Review — A SILHOUETTE OF LIBERIA by Michael Lee (Liberia)
A Silhouette of Liberia — Photographs: 1974-1977
by Michael H. Lee (Liberia 1974–76)
Michael H. Lee
Reviewed by: Danielle Yoder (Panama 2012-2014)
A Silhouette of Liberia Photographs: 1974–1977 exhibits beautiful photography of Liberia’s landscape, architecture and people from a time when very little has been preserved. Mr. Lee walks us through his experience living, serving and working in Liberia. Through his lens he is able to capture what one might see in an ordinary day in Liberia, as well as intimate settings such as illusive secret societies and their traditions.
Mr. Lee begins by providing some history of the country that informs both the conditions of the photographs shown from the mid-70s and also alludes to the impending civil war period. These shots show mostly friendly faces as well as typical living conditions and hardships born by denizens. I was surprised how similar these images look to the streets of Monrovia in 2017. Forty years have passed but so little has changed.
The tale continues with upcountry shots of one of the main county capitals, Gbarnga, and other, more remote villages. While Monrovia’s urban population is demonstrated by small shacks, crowded markets of panhandlers and some homeless on the street, the photographs of the countryside illustrate the pastoral aspects of Liberia’s rural population. Upcountry images include farming methodologies in Liberia’s lush rainforest, huts built of entirely natural materials and political and cultural activities.
Deeper upcountry, Mr. Lee delves into some of Liberia’s fabled secret societies. Of course the traditions of such societies are not readily shared with outsiders and much of the information is speculative in nature. These photos and stories, however, do provide some insight into the potential rituals and rites that may be celebrated in these rural communities and demonstrate how seriously these rituals are protected by their members.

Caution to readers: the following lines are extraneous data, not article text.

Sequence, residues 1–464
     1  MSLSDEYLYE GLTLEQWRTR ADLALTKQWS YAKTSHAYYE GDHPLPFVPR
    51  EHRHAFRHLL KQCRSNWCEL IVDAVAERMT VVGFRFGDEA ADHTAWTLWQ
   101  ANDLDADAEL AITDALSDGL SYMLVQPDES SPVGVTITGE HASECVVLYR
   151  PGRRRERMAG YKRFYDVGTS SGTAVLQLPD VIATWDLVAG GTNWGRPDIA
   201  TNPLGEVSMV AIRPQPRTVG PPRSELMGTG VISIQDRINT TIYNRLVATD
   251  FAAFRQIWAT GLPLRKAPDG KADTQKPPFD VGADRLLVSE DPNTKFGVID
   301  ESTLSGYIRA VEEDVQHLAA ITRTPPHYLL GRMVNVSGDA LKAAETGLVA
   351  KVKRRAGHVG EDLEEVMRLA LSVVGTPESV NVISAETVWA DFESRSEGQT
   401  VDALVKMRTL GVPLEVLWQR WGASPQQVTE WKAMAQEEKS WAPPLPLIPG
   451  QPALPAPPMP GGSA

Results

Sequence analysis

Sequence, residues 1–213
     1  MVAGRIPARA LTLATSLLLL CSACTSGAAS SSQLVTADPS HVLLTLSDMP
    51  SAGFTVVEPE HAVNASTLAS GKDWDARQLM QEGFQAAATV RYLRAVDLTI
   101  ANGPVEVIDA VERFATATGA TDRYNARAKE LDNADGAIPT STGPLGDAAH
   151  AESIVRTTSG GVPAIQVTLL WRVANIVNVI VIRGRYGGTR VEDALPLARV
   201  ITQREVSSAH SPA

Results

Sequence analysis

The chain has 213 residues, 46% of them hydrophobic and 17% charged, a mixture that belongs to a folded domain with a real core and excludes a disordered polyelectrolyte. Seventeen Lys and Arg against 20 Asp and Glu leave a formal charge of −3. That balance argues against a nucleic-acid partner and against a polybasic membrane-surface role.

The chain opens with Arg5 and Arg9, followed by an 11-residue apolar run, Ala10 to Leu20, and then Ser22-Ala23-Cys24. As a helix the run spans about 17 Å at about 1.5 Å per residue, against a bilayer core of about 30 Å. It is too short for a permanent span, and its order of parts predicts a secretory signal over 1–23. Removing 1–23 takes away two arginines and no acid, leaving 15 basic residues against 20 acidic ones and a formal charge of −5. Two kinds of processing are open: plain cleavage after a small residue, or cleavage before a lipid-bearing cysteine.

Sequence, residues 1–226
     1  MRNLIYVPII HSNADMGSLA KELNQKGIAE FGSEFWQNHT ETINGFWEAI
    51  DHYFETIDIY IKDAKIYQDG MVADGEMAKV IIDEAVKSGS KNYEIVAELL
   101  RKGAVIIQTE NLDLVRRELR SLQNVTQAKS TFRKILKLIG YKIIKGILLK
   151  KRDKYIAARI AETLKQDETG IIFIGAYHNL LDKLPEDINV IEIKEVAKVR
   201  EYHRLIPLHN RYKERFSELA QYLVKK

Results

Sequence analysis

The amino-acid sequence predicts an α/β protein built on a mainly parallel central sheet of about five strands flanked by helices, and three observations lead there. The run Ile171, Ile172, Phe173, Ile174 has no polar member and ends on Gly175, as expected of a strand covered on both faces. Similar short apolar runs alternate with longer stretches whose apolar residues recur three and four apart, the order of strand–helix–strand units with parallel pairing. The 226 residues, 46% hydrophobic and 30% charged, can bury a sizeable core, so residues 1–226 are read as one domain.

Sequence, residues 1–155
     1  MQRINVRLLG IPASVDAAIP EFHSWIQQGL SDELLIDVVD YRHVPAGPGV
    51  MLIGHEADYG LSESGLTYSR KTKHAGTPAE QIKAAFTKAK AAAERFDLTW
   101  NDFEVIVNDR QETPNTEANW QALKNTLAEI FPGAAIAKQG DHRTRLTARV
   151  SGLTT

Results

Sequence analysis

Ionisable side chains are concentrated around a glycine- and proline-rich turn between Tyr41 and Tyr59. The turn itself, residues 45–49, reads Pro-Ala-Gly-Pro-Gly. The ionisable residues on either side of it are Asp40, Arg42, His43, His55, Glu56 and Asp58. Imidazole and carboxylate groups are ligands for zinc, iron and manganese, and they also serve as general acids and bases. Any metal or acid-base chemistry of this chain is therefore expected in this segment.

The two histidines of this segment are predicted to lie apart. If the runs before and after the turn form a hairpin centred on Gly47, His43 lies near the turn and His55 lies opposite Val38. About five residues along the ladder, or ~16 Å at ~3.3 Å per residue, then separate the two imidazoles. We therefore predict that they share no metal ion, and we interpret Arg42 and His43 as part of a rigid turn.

The story culminates with a study on the architecture of the original Americo-Liberians. These buildings are almost surely no longer standing after the civil wars. As of the 1970s, these homes had withstood over 90 years of the harsh rains of Liberia. Mr. Lee’s discussion on the architecture provides an insight into the unique history of Liberia’s past.
Overall, Mr. Lee provides a snapshot into Liberia’s history about which so little has been written and shared. Although much of Liberia’s history has been lost due to wars, the remnant and memories that remain are quite beautiful. This was a beautiful way to share Liberia’s culture and leaves the reader hungry for more information and a desire to visit and see for one’s self the beauty and cultures that remain today.
Reviewer Danielle Yoder is an RPCV who served in Panama from 2012-2014.
Recently she returned from a one-year work assignment in Monrovia, Liberia and was captivated by the chance to review this book. So little is documented about Liberia’s history and it has a rather fascinating one. She currently resides in Philadelphia with her husband and daughter.
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